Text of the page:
hammer2: redundant chain modify after chain creation
It looks to me hammer2_chain_modify() calls right after hammer2_chain_create() in creat/mkdir/etc syscalls are all redundant.
Take a look at hammer2_xop_inode_create_det() for example. A caller process always passes NULL chain to hammer2_chain_create(), so it always allocates a new chain and then calls hammer2_chain_modify() which only initializes a new buf for devvp.
After successful hammer2_chain_create(), a caller explicitly calls hammer2_chain_modify() for the second time. The chain is already modified + has non-zero data_off, so it breads data for buf from above (which I believe contains garbage at this point).
After that a caller copies ondisk inode to its chain data which is a pointer to somewhere in devvp's buf data. The flusher eventually recursively flushes chain data to devvp along with flushing vp's buf data (user data) to devvp.
What I don't understand is why the second hammer2_chain_modify() is needed. The first one called from hammer2_chain_create() seems good enough in these cases.
In fact I've had no issue with this diff to test above.
Definitely not a bug. hammer2_chain_modify() must be called prior to any intent to modify content, instead of assuming that the chain is in a particular state due to some other procedure call (such as a hammer2_chain_create()). It is very important that there be no confusion there, because modifying the content of a chain's data with the chain in the wrong state can cause chaos. Also, modifying the buffer cache without properly configuring the state of the underlying buffer can cause chaos.
What should happen here is that the newly allocated chain will usually have the HAMMER2_CHAIN_INITIAL flag set. e.g. line 3421 of hammer2_chain.c. In most cases. This will cause hammer2_chain_modify() to issue hammer2_io_new() instead of hammer2_io_bread() in hammer2_chain_modify() -> hammer2_chain_load_data() around line 1205. This will construct a dirty buffer with all zero's content instead of trying to read the block from disk.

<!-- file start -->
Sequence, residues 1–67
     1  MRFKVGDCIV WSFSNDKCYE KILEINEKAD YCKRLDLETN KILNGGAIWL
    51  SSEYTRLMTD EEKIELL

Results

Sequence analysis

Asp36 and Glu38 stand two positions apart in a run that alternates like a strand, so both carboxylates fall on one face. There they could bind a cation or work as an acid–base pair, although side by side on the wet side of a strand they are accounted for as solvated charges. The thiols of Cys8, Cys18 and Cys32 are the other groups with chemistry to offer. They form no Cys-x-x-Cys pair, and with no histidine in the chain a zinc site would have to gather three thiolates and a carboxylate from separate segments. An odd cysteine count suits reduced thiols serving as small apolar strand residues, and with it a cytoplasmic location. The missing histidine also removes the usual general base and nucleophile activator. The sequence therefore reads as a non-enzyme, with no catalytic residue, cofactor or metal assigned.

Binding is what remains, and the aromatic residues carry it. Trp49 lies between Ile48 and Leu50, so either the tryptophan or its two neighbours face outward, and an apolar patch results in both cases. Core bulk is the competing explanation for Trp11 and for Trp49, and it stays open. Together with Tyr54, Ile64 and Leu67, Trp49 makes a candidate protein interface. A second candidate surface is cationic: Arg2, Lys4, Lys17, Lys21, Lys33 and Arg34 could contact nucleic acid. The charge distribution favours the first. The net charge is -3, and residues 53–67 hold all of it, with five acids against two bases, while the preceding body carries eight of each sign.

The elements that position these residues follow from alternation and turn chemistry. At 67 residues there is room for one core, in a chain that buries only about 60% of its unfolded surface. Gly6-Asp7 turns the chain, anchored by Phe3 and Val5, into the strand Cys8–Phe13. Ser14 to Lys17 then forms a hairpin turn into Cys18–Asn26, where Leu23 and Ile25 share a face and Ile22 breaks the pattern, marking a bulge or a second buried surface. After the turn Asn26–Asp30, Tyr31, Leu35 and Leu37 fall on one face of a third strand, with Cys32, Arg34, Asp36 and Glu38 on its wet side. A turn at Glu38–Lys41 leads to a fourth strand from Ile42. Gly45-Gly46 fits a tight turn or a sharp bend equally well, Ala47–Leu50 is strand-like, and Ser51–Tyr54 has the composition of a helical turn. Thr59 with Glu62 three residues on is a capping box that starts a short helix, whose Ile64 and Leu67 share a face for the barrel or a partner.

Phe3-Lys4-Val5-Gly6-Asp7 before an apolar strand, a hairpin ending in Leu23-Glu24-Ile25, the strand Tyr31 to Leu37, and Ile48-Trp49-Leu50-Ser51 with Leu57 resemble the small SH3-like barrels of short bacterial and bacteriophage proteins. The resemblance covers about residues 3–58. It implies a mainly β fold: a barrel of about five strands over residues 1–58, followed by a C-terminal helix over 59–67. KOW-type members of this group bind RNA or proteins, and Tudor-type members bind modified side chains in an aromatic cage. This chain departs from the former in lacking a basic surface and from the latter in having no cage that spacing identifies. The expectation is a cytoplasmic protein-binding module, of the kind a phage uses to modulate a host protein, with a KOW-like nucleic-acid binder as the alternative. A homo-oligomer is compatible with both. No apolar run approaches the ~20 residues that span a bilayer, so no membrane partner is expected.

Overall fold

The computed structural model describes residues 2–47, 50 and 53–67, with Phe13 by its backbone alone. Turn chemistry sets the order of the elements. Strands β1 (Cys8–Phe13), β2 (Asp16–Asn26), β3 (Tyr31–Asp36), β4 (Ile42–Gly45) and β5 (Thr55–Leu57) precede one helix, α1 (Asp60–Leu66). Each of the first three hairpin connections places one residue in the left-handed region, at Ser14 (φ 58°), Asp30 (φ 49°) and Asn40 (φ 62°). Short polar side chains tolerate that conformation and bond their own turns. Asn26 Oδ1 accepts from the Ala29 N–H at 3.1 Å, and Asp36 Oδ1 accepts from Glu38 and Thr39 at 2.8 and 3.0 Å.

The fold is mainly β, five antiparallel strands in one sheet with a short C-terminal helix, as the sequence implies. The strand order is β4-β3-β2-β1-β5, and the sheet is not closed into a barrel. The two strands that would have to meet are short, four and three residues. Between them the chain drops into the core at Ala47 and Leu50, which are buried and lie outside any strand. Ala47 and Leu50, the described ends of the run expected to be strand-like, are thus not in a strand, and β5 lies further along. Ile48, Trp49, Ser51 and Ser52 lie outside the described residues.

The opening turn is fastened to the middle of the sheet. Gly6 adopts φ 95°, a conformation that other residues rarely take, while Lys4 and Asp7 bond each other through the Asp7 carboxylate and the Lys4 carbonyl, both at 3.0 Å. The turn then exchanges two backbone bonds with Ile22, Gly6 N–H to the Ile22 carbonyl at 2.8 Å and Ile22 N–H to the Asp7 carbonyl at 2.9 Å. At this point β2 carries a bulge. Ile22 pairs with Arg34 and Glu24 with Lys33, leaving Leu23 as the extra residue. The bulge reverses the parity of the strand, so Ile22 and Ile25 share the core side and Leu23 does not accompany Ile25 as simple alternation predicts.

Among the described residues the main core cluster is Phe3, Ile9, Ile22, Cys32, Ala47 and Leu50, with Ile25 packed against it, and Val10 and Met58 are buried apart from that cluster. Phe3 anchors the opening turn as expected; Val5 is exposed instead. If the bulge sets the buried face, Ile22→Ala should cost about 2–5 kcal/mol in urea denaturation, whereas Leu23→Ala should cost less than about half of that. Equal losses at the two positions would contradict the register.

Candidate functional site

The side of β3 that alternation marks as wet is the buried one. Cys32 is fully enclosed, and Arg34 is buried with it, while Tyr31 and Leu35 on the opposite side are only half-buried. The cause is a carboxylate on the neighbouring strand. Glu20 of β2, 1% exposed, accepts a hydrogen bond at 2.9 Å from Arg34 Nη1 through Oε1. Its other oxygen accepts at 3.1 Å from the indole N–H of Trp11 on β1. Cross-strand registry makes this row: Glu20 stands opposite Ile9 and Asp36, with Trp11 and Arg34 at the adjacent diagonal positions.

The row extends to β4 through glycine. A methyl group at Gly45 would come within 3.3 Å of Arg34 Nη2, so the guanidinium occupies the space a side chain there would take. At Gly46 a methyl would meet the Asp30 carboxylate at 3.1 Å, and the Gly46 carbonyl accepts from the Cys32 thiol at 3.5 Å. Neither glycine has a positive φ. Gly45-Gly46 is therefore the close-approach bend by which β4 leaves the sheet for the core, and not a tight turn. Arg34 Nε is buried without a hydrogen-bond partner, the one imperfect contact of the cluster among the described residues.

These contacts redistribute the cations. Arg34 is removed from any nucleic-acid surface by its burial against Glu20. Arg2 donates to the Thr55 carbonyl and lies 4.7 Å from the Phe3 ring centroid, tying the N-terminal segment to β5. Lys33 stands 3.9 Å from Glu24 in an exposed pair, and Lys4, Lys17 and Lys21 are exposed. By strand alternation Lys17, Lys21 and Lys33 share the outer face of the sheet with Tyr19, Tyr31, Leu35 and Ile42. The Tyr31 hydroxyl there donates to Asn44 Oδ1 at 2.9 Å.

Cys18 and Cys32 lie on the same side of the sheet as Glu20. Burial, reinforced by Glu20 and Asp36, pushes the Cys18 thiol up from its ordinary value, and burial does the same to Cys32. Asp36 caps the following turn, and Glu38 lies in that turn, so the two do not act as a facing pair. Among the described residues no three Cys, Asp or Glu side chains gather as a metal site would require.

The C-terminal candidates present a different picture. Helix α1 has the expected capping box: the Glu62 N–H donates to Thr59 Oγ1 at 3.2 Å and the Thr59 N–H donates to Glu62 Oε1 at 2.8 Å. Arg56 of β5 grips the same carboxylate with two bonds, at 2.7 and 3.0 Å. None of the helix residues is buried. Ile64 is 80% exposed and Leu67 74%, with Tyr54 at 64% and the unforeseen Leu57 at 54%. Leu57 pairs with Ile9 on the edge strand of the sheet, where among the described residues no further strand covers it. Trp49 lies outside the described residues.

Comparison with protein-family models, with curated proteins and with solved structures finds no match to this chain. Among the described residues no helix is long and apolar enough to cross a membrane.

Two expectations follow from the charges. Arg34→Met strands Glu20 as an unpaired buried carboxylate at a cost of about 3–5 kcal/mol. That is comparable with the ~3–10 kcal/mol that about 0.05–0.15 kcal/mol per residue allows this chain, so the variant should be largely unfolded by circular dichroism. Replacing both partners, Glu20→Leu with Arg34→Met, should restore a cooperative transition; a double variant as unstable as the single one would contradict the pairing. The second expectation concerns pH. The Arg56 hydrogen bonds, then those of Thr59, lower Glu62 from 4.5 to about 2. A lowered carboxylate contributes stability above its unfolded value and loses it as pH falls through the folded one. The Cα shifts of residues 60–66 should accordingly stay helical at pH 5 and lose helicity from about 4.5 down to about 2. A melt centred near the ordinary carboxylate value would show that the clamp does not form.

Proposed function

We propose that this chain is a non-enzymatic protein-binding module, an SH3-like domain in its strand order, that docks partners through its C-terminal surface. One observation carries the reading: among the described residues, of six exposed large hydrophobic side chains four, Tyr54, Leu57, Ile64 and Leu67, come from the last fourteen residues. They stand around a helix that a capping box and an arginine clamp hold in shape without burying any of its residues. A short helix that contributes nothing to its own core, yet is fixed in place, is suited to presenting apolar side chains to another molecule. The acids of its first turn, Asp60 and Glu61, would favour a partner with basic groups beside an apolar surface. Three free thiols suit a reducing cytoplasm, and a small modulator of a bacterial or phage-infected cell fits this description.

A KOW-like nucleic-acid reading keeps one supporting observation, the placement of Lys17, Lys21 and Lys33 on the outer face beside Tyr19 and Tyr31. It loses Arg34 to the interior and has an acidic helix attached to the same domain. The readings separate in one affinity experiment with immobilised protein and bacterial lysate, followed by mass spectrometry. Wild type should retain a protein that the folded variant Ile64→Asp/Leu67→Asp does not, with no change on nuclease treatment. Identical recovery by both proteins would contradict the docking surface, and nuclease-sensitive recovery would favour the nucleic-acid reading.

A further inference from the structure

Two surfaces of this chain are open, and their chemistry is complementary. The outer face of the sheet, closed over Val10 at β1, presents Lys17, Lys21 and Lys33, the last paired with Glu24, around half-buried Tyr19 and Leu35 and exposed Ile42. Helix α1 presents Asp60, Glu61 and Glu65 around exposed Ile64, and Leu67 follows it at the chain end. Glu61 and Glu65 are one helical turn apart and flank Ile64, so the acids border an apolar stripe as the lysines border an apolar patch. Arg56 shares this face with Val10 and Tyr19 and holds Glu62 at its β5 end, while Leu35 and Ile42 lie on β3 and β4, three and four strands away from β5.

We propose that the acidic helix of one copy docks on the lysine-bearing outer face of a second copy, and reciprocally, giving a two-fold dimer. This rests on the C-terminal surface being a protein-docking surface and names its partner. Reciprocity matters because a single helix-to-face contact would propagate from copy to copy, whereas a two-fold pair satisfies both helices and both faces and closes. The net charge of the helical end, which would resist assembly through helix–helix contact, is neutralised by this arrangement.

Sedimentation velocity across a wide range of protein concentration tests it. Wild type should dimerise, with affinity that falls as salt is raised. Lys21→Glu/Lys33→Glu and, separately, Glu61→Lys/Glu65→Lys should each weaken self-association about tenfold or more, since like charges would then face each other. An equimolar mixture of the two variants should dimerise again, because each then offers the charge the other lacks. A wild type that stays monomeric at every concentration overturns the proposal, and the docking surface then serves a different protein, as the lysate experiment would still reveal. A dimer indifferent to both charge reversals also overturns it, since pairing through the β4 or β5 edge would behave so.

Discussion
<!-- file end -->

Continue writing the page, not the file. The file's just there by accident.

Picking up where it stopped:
There are numerous special cases here. The buffer cache and the hammer2_dio cache use 64KB blocks. If a hammer2_chain represents a smaller block, the bread must still be done because other portions of that block may be referenced by other parts of the filesystem. If a 64KB chain is being allocated, though, it should be able to avoid the bread.
There is a further optimization in the allocator when allocating small blocks out of an initially fully-free 64KB block to also avoid the bread operation. This catches the remaining cases (typically chains with smaller block sizes than the natural 64KB block size). That is around line 756 of hammer2_freemap.c. Here, if allocating any block size out of an initially fully-free 64KB area, hammer2_io_newnz() is called to create a dirty pre-zero'd backing for that in the DIO and buffer cache (which avoids having to do a bread()).
The underlying buffer cache buffer will remain dirty for some time, usually tens of seconds before being flushed, and thus be able to catch most bulk operations without forcing a bread().
Definitely not a bug. hammer2_chain_modify() must be called prior to any intent to modify content, instead of assuming that the chain is in a particular state due to some other procedure call (such as a hammer2_chain_create()).
I understand it's not a bug, but what I want to know is whether the second one is technically mandatory or not in this particular call sequence.
From what I understand it's not mandatory.
It sounds to me you are saying it's for code clarity to locate hammer2_chain_modify() in the same place in the same function whenever chain data gets modified, regardless of whether some other function has implicitly done it right before, which of course makes sense.
It is very important that there be no confusion there, because modifying the content of a chain's data with the chain in the wrong state can cause chaos. Also, modifying the buffer cache without properly configuring the state of the underlying buffer can cause chaos.
But in this particular case I mentioned, not having the second one won't cause any chaos, which is why I think it's redundant.
Having said that, I'm not saying the second one should be removed.